To compound the problem, the little energy allocated to the state was not properly managed by the PHCN as the distribution system lacked sustainable structures and the distribution network was bedeviled with a lot of failed distribution and power transformers and many other weaknesses such as overloaded 33KV and 11KV lines and facilities, inefficient operations, lack of essential materials for maintenance purposes, lack of expansion programmes, while there was total absence of service delivery culture.
The source of electricity supply had proven to be inadequate, irregular and unreliable to meet the need for sustainable economic development of Ogun State .
Most of the villages remained unconnected to the National Grid by the PHCN, while even in the cities, transformers were in very short supply.
As a result lof this, Ogun State government had to resort to the use of diesel powered generating sets as an alternative source of energy for all government establishments for efficient service delivery despite its high maintenance and running costs.
But this situation is being brought under control by the setting up of the state Energy Council to work towards reducing the challenges of the power supply in the state and ensure that power is supplied regularly to residents of the state while encouraging individuals or groups who are willing to invest in the power sector. Due to the importance attached to the council, Governor Daniel has assumed the chairmanship of the council.
The state Commissioner for Water Resources and Rural Development, Akogun Kola Onadipe, explained that the issue of Independent Power Project has been in the country for sometime.
He said that there were about 26 licensed independent power producers within Ogun State, while noting that the state is waiting for the regulation on tariff.
“It is based on that tariff that they will do their own financial arrangement with their investors and financial institutions that will provide the funds,” he added.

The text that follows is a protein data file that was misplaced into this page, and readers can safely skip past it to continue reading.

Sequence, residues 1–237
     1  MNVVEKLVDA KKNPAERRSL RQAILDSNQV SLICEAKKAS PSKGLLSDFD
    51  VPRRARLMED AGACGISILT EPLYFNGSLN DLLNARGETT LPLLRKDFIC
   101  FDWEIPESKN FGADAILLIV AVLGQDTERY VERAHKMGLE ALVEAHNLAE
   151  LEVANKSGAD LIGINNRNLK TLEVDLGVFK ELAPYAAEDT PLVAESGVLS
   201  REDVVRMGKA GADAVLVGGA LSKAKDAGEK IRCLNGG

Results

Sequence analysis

Onadipe, who is the vice chairman of the State Energy Council, added that government had allocated several lands for IPPs. He explained further that one of the reasons the state created the mini power plant was to look at a model which indicated that the energy demand the water corporation needs and some sensitive government institutions could be taken away from the national grid by giving them the power plant, saying that what is available in the national grid for the state will be enough for the people and the populace.
Onadipe said, “If, for instance, they give Abeokuta 10 megawatts and out of the 10, maybe four megawatts goes to Arakanga because water has to be given priority and the booster stations, another one megawatt, what is left is about five and five is not even enough for the populace.
“ Now that we have mini power plant for Arakanga, the government establishments, including governor’s office, house of assembly, judiciary, once we take their demand from the national grid, then what is left in the national grid which is about 10 will now be left for the populace. So, that’s the whole idea.”
He explained that the plant is costing the State N7.2billion with the plant house costing us N3.6billion plus its accessories, adding that the whole plant project will cost N10.8billion for 47megawatts.
A panel beater, Mr. Waheed Adedigba, lauded the initiative by the state government in improving power supply in the state commenting that the development would no doubt boost the socio-economic activities of the state.